Clippers’ Kawhi Leonard addresses long-term future with Clippers and injury uncertainty

·4 min read

PLAYA VISTA, Calif. – Kawhi Leonard showed his conviction and honesty when explaining his decision to re-sign with the Los Angeles Clippers this offseason on a four-year, $176.2 million deal.

“I'm here to be a Clipper,” Leonard said at the team’s media day on Monday. “I'm not going to another team unless something drastic happens, but I'm here for the long run.”

Leonard also demonstrated his guarded and secretive nature regarding his off-season surgery on a torn ACL in his right knee, and if it will sideline him for the entire 2021-22 season.

“Just day-to-day,” Leonard said. “Just working with the staff day-to-day. When that available date comes, we'll be ready for it, and it'll be out in the public.”

For now, though, Leonard did not shed much detail about his injury that happened on June 14 toward the end of the Clippers’ Game 4 win of their second-round playoff series against the Utah Jazz.

Kawhi Leonard isn't likely to play this season after suffering an ACL tear in the postseason, but he won't rule out a return.
Kawhi Leonard isn't likely to play this season after suffering an ACL tear in the postseason, but he won't rule out a return.

Considering that most NBA players have missed entire seasons after injuring their ACL, Clippers coach Tyronn Lue conceded that “we've got to coach the season like we don't have him.” But the Clippers did not completely rule Leonard out this season, other than admitting he won’t play in training camp or in the season opener against Golden State

“I hope he comes back October 21st, but the reality is he's not going to be ready then,” Lue said. “We don't want to force him or put any pressure on him. We want to make sure he's rehabbing, doing everything he can to get back as soon as possible, and if that's next season, that's next season. We don't want to force him to come back too early. We want to make sure he's 100 percent when he does come back.”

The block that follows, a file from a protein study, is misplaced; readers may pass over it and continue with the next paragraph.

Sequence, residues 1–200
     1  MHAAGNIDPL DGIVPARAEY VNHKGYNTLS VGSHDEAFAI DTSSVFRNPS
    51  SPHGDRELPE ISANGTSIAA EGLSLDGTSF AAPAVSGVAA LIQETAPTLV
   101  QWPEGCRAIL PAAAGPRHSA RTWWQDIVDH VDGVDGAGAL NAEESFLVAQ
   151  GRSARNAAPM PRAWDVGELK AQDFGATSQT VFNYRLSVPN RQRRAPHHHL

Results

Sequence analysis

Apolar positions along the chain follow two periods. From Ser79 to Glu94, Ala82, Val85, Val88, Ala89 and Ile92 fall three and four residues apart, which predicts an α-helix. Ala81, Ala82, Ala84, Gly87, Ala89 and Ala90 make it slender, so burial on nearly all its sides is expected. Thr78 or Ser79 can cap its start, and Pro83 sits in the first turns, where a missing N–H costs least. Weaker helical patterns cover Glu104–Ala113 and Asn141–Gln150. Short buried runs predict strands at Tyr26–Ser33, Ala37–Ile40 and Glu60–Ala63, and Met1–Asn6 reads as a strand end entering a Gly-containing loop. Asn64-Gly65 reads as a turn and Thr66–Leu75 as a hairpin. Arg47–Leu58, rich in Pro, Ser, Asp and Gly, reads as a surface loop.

That partly explains why Leonard re-signed with the Clippers in the first place.

Not only did Leonard reward the Clippers for both deferring to him on his recovery and how they stay guarded about his injuries. Leonard described the Clippers as “a good situation” and maintained he “felt comfortable with the guys on the team” after appearing in the Western Conference Finals for the first time in franchise history a year after squandering a 3-1 second-round series lead to Denver.

The Clippers internally expected Leonard to re-sign. But those around the NBA anticipated Leonard would sign a one-year deal after declining his $36 million player option.

“I wanted to play,” Leonard said. “The best situation for me to me was to do it one-and-one and then opt out and sign a long-term five-year deal. But there's a lot of concerns that that brings up for you guys and your job, and it creates storylines that I'm going to leave the team. One thing, I wanted to secure some money, and I wanted to be able to come back if I was able to this year. If I would have took the one-and-one, I probably would have not played just to be cautious and opted out and took a five-year.”

Even so, the Clippers expect Leonard to remain cautious with his injury. He has always done so.

Leonard missed all but nine games in his final season with the San Antonio Spurs (2017-18) after tearing his right quadriceps. Leonard took the so-called “load management” route during his first and lone season with the Toronto Raptors that ended with an NBA title and Finals MVP. Leonard did the same thing to less degree during his first two seasons with the Clippers.

So even if Leonard said he plans to watch film and become engaged with the team behind the scenes, Lue predicted that Leonard will likely spend most of his time in L.A. to rehab to minimize logistical complications.

Nonetheless, the Clippers sounded more inspired on what they could do without Leonard than with him.

“We were pretty close to something special without him, so we know we're good,” Clippers forward Nicolas Batum said. “We can do some good stuff without him. We can be way better with him. So we have to be great until he's coming back.”

The Clippers still have Paul George, whom the team projects to carry the team seamlessly after rectifying his playoff bubble shortcomings with more consistency last season in his play and leadership. The Clippers retained key plays (Reggie Jackson, Nicolas Batum, Ibaka). They acquired dependable role players (Eric Bledsoe, Justise Winslow). They still other key rotation players from last year’s roster, including a bruising frontcourt defender (Marcus Morris Sr.) and an emerging young player (Terance Mann). They also drafted two promising young players (Keon Johnson, Jason Preston).

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This article originally appeared on USA TODAY: Clippers' Kawhi Leonard won't rule out return this season after ACL tear